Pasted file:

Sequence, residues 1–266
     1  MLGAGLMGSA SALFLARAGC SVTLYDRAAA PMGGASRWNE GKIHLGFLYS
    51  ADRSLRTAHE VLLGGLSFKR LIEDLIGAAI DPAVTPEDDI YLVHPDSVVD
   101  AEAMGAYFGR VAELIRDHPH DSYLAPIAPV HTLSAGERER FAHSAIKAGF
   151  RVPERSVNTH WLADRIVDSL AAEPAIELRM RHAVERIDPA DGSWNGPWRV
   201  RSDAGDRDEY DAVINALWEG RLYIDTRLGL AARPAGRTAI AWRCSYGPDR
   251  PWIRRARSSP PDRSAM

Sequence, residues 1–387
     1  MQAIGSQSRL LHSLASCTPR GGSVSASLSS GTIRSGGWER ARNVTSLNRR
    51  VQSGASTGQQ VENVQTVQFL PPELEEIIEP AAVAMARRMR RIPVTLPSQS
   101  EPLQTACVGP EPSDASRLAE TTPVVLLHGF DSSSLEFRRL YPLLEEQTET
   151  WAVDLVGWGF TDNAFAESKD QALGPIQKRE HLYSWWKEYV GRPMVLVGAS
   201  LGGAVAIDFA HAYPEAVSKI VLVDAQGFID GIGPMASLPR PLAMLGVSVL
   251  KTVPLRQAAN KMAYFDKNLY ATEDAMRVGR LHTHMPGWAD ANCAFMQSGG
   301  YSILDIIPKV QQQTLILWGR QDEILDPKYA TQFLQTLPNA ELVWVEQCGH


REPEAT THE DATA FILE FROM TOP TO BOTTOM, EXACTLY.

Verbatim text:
Sequence, residues 1–266
     1  MLGAGLMGSA SALFLARAGC SVTLYDRAAA PMGGASRWNE GKIHLGFLYS
    51  ADRSLRTAHE VLLGGLSFKR LIEDLIGAAI DPAVTPEDDI YLVHPDSVVD
   101  AEAMGAYFGR VAELIRDHPH DSYLAPIAPV HTLSAGERER FAHSAIKAGF
   151  RVPERSVNTH WLADRIVDSL AAEPAIELRM RHAVERIDPA DGSWNGPWRV
   201  RSDAGDRDEY DAVINALWEG RLYIDTRLGL AARPAGRTAI AWRCSYGPDR
   251  PWIRRARSSP PDRSAM

Sequence, residues 1–387
     1  MQAIGSQSRL LHSLASCTPR GGSVSASLSS GTIRSGGWER ARNVTSLNRR
    51  VQSGASTGQQ VENVQTVQFL PPELEEIIEP AAVAMARRMR RIPVTLPSQS
   101  EPLQTACVGP EPSDASRLAE TTPVVLLHGF DSSSLEFRRL YPLLEEQTET
   151  WAVDLVGWGF TDNAFAESKD QALGPIQKRE HLYSWWKEYV GRPMVLVGAS
   201  LGGAVAIDFA HAYPEAVSKI VLVDAQGFID GIGPMASLPR PLAMLGVSVL
   251  KTVPLRQAAN KMAYFDKNLY ATEDAMRVGR LHTHMPGWAD ANCAFMQSGG
   301  YSILDIIPKV QQQTLILWGR QDEILDPKYA TQFLQTLPNA ELVWVEQCGH